A thorough search of all available observations was conducted to determine if there were any tropical cyclones that occurred that were not originally listed in HURDAT2. For inclusion in HURDAT2, these tropical cyclones must have produced winds of tropical-storm force (34 kt) or greater. All potential cyclones (called “suspects”) are investigated for each season. The search also extends to the months outside the official hurricane season, which runs from June to November. Usually, the suspects were tropical waves/troughs or occluding baroclinic cyclones that never officially became tropical cyclones. However, up to five previously unrecognized systems qualified as tropical cyclones of tropical storm strength each year. Their tracks, positions, and intensities are catalogued every 6 h and presented to the HURDAT2 Best Track Change Committee (BTCC) for potential inclusion to HURDAT. For the suspects in the early 1960s, the first satellite images are only somewhat helpful in identifying potential tropical cyclones and understanding their structure due to the poor quality of the images and limited availability.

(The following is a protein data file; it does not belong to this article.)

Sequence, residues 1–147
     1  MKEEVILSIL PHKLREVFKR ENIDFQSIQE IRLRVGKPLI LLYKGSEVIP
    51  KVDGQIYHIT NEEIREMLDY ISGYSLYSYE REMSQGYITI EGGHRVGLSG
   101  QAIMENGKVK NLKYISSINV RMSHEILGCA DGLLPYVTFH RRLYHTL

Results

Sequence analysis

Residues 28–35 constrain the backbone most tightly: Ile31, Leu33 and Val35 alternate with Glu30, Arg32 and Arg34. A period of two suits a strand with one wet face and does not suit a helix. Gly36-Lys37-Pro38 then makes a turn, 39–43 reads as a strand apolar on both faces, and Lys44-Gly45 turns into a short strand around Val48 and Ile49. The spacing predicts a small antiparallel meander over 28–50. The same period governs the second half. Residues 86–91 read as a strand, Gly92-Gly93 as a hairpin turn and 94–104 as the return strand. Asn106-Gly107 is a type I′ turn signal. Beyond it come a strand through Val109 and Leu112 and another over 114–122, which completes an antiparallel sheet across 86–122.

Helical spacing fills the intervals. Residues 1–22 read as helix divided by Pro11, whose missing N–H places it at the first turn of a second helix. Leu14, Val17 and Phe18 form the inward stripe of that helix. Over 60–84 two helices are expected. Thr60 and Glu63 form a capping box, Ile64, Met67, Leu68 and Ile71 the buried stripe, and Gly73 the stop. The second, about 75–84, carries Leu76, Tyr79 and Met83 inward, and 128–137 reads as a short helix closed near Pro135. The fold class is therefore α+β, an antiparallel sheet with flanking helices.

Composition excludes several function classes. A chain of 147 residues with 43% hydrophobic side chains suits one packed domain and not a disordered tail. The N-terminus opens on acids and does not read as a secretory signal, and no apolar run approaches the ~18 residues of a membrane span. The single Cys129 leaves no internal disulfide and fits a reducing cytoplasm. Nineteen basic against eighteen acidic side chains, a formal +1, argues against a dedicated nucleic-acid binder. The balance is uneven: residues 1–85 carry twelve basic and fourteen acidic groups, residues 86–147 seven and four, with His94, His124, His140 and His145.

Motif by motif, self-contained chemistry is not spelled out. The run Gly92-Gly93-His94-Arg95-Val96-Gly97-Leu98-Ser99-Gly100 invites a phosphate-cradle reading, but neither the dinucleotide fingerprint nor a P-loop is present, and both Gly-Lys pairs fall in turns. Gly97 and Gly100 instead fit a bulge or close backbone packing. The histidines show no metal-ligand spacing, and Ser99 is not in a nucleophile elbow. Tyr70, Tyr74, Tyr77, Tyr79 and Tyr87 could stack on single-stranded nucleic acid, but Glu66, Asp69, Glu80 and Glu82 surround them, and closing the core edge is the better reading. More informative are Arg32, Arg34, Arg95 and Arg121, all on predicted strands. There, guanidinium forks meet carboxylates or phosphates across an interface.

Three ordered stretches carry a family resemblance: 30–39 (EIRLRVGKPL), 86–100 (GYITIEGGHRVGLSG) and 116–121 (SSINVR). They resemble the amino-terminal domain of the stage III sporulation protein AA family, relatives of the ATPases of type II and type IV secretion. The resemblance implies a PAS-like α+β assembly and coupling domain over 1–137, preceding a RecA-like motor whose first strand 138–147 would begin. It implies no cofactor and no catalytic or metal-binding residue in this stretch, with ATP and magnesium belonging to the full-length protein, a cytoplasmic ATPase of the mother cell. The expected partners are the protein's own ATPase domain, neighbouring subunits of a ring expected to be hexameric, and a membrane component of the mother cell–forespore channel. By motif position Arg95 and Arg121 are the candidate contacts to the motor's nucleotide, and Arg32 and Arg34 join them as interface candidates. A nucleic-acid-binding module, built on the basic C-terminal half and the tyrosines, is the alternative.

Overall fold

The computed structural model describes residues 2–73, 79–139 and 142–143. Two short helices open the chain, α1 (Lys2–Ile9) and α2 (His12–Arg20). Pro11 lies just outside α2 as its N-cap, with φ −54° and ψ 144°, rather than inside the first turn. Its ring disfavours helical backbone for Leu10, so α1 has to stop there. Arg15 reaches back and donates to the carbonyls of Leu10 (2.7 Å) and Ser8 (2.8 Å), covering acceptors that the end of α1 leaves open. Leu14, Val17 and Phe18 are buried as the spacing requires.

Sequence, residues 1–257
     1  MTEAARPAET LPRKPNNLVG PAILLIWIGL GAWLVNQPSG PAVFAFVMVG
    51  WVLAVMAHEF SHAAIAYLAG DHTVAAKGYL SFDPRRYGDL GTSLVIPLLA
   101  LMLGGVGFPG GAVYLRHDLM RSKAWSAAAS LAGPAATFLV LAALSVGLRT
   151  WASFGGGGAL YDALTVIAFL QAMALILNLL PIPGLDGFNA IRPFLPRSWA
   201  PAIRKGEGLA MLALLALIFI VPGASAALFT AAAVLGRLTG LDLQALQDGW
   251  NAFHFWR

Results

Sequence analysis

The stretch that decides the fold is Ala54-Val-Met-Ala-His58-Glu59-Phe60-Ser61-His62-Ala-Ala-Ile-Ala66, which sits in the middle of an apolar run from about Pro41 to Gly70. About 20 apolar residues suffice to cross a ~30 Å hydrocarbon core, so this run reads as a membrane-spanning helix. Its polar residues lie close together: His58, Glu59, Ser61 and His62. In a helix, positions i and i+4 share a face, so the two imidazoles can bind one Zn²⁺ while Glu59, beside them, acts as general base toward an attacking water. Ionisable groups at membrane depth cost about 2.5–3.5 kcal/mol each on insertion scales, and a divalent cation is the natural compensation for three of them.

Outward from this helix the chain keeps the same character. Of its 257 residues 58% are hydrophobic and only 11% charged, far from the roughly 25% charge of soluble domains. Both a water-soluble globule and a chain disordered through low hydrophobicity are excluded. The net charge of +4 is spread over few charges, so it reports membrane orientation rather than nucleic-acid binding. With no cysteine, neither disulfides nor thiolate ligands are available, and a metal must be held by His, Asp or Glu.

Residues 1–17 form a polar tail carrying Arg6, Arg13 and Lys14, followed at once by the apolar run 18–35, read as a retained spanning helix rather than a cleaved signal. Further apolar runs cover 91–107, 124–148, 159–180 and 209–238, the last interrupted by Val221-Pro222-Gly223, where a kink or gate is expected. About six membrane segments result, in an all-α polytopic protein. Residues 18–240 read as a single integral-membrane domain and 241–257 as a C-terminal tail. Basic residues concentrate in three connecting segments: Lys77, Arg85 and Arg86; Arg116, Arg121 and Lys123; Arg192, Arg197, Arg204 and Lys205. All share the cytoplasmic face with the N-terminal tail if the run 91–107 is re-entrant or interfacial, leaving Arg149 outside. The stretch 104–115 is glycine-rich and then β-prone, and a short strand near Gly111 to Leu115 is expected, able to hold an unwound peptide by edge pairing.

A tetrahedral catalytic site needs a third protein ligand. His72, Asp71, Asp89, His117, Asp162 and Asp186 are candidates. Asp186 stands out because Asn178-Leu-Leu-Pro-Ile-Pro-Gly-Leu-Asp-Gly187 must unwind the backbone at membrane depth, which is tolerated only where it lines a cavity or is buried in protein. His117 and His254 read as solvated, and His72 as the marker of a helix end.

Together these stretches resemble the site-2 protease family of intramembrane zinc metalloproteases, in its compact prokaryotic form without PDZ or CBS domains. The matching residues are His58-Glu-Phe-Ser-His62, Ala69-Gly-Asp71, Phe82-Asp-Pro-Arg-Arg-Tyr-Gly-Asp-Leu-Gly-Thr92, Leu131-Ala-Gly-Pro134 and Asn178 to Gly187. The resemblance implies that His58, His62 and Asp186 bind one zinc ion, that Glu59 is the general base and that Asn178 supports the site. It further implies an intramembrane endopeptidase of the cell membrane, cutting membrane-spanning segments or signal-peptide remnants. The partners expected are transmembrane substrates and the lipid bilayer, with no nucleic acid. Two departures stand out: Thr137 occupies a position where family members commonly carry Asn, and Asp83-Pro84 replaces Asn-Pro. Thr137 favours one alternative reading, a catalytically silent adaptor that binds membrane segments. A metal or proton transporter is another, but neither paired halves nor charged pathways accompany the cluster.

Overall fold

A total of 11 tropical cyclones are listed as unnamed tropical storms in the original HURDAT2 between 1954 and 1963. Unnamed tropical cyclones were systems that were not considered tropical storms operationally during the hurricane season but their existence was known by the forecasters. The observations needed for their inclusion to HURDAT2 after the end of the season often arrived well after the storm had dissipated in the form of a ship report, station observations, and/or radar images.

3. Track and intensity uncertainty estimates